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Arthritis Rheum. 2003 Dec 15;49(6):766-77.

Management of depression in rheumatoid arthritis: a combined pharmacologic and cognitive-behavioral approach.

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Behavioral Health Service Line, Harry S Truman Memorial Veterans' Hospital, 800 Hospital Drive, Columbia, MO 65201, USA.



To examine the effectiveness of cognitive-behavioral and pharmacologic treatment of depression in rheumatoid arthritis (RA).


Subjects (n = 54) with confirmed diagnoses of both major depression and RA were randomly assigned to 1 of 3 groups: 1) cognitive-behavioral/pharmacologic group (CB-PHARM), 2) attention-control/pharmacologic group, or 3) pharmacologic control group. Measures of depression, psychosocial status, health status, pain, and disease activity were collected at baseline, posttreatment (10 weeks), 6-month followup, and 15-month followup. Data were analyzed to compare the treatment effectiveness of the groups; data also were aggregated to examine the effects of antidepressive medication over time. Lastly, a no-treatment control group was defined from a cohort of persons who declined participation.


Baseline comparisons on demographic and dependent measures revealed a need to assess covariates on age and education; baseline scores on dependent measures also were entered as covariates. Analyses of covariance revealed no statistically significant group differences at postintervention, 6-month followup, or 15-month followup, except higher state and trait anxiety scores for the CB-PHARM group at the 15-month followup. In the longitudinal analyses of the effects of antidepressive medication, significant improvement in psychological status and health status were found at posttreatment, 6-month followup, and 15-month followup, but no significant improvements were shown for pain or disease activity. In addition, the comparison of the aggregated pharmacologic group with a no-treatment group revealed a statistically significant benefit for the 3 groups that received the antidepressive medication.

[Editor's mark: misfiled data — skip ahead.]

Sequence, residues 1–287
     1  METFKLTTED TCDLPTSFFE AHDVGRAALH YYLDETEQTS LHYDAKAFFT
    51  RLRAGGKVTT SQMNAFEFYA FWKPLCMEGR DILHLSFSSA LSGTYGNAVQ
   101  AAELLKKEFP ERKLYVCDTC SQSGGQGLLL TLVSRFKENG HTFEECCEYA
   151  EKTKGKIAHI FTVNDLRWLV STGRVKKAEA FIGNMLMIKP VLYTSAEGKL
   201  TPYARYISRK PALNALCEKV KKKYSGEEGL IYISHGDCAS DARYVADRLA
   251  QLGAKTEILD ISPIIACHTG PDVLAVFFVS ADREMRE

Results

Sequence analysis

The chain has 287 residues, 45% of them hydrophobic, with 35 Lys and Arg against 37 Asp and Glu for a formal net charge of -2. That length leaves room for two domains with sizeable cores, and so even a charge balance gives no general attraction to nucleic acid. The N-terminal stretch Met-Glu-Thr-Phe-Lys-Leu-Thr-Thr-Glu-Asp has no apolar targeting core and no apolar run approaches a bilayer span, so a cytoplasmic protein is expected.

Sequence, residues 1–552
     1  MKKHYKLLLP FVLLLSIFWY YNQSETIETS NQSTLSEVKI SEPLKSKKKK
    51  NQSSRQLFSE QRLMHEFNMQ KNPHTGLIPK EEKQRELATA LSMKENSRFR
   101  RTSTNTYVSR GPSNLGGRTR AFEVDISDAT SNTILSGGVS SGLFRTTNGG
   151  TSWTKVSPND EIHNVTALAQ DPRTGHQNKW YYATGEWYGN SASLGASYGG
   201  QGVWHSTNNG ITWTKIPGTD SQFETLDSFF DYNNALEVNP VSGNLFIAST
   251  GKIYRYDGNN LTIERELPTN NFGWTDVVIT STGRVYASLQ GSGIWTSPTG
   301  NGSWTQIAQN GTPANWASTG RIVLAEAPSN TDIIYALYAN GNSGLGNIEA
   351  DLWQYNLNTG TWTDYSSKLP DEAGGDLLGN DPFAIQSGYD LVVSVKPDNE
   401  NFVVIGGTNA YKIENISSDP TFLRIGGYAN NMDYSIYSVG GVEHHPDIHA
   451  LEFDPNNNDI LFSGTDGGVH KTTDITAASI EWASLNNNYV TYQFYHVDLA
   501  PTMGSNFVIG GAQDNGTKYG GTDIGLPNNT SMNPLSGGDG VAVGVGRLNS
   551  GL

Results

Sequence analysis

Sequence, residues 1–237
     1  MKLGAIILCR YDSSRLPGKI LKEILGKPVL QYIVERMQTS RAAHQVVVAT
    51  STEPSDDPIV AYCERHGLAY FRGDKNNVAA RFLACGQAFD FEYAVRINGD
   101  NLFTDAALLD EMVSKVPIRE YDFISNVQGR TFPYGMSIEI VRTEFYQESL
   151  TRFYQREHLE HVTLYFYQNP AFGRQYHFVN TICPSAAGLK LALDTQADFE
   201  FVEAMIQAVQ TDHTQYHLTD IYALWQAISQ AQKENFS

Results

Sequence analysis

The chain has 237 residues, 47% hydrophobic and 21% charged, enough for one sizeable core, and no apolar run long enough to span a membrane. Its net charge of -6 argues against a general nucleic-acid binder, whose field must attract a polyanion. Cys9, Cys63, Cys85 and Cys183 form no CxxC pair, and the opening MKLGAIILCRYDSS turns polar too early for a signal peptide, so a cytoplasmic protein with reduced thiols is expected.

In persons with RA, cognitive-behavioral approaches to the management of depression were not found to be additive to antidepressant medication alone, but antidepressant intervention was superior to no treatment.

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